Thou hast known how grievously the Prophets of God, His Messengers and Chosen Ones, have been afflicted. Meditate a while on the motive and reason which have been responsible for such a persecution. At no time, in no Dispensation, have the Prophets of God escaped the blasphemy of their enemies, the cruelty of their oppressors, the denunciation of the learned of their age, who appeared in the guise of uprightness and piety. Day and night they passed through such agonies as none can ever measure, except the knowledge of the one true God, exalted be His glory.
Consider this wronged One…. God grant that, with a penetrating vision and radiant heart, thou mayest observe the things that have come to pass and are now happening, and, pondering them in thine heart, mayest recognize that which most men have, in this Day, failed to perceive.
As my tribulations multiplied, so did my love for God and for His Cause increase, in such wise that all that befell Me from the hosts of the wayward was powerless to deter Me from My purpose. Should they hide Me away in the depths of the earth, yet would they find Me riding aloft on the clouds, and calling out unto God, the Lord of strength and might. I have offered Myself up in the way of God, and I yearn after tribulations in love for Him, and for the sake of His good-pleasure. Unto this bear witness the woes which now afflict Me, the like of which no other man hath suffered. Every single hair of Mine head calleth out that which the Burning Bush uttered on Sinai, and each vein of My body invoketh God and saith: “O would I had been severed in Thy path, so that the world might be quickened, and all its peoples be united!” Thus hath it been decreed by Him Who is the All-Knowing, the All-Informed.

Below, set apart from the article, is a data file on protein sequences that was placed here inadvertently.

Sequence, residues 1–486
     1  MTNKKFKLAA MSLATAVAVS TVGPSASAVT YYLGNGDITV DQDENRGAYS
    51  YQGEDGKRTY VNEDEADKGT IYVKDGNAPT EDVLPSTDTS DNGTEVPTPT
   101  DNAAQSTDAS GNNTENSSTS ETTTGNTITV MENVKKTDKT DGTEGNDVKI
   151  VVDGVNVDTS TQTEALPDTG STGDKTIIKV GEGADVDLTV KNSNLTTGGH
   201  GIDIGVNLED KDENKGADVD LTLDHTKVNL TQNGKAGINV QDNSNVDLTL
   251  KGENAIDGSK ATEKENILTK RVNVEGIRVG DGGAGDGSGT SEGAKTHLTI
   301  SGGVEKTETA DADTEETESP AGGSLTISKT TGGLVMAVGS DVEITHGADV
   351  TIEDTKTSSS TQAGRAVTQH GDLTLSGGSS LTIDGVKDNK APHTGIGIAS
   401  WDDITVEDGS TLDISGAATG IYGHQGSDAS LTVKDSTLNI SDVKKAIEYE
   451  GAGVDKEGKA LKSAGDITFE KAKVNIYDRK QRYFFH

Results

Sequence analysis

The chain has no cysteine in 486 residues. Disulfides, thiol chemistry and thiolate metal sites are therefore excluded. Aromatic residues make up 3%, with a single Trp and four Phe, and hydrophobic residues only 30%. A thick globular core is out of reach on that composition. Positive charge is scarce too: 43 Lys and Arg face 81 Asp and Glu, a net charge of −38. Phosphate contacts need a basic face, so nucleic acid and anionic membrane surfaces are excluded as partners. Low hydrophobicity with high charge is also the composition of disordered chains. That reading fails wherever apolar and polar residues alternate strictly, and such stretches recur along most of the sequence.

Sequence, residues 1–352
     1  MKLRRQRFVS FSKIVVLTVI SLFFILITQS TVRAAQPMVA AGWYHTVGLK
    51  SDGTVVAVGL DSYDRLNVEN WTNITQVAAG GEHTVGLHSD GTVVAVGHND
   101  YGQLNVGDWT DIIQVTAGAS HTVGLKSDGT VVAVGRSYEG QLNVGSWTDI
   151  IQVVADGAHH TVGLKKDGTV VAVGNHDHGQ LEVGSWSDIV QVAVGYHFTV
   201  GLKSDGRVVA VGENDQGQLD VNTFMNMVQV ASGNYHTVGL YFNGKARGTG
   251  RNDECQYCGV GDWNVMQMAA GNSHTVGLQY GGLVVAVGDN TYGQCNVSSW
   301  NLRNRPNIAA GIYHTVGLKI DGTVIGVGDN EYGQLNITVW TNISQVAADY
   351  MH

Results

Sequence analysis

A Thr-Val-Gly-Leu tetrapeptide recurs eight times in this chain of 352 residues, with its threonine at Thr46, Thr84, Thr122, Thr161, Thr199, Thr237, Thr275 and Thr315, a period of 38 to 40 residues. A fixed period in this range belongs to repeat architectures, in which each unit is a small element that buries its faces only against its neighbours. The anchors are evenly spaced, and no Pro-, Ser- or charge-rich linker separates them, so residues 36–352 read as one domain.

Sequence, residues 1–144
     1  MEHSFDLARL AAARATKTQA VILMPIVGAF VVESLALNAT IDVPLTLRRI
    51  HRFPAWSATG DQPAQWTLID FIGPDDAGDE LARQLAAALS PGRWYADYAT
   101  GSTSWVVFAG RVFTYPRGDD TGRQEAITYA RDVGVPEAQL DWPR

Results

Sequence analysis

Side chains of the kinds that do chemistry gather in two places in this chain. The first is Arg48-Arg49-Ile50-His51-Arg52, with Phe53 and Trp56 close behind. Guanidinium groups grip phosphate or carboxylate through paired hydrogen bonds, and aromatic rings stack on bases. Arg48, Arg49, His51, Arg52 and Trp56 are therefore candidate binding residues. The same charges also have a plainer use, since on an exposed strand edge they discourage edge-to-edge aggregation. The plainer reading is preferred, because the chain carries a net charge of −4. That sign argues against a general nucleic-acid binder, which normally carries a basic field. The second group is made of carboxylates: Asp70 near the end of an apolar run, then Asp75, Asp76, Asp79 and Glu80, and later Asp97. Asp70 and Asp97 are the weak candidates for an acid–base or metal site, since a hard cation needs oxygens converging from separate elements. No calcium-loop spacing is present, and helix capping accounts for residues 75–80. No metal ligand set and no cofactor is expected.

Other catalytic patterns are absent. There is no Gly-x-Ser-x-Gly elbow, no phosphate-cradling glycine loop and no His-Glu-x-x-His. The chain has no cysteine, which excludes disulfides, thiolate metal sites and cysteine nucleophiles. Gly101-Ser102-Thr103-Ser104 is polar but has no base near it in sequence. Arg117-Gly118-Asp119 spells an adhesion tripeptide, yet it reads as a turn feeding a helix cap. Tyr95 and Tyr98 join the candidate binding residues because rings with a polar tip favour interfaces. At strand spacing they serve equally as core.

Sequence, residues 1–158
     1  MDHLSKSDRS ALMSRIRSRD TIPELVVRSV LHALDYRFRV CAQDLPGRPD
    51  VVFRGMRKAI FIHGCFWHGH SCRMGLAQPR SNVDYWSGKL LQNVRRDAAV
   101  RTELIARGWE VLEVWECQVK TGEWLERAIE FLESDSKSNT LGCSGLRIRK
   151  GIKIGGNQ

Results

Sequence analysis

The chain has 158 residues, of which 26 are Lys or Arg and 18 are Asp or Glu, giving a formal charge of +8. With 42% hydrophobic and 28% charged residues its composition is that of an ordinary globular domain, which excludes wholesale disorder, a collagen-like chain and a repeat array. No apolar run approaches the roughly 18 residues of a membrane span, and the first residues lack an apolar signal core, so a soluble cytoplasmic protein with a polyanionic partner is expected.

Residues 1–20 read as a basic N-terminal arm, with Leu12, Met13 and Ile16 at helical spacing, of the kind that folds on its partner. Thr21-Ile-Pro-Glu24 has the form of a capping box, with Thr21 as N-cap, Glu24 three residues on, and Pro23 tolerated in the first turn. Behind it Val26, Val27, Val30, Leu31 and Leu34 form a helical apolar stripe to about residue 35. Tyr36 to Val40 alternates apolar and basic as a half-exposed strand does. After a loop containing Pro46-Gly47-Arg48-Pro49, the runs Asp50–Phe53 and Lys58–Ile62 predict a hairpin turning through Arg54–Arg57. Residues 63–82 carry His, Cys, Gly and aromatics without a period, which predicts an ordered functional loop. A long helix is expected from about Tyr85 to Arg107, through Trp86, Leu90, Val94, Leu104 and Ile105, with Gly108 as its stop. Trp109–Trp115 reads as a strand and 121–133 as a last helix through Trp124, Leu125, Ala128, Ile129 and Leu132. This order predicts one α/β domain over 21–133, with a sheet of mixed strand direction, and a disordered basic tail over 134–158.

This article is the 43rd in a series of what I hope will be 200 articles in 200 days for the 200th anniversary of the birth of Bahá’u’lláh. The anniversary is being celebrated around the world on 21 and 22 October 2017, The articles are simply my personal reflections on Bahá’u’lláh’s life and work. Any errors or inadequacies in these articles are solely my responsibility.)
Image Credits: The prison in Akka to which Bahá’u’lláh and his followers were consigned. The two windows farthest right on the second floor show the room that Bahá’u’lláh occupied in the prison.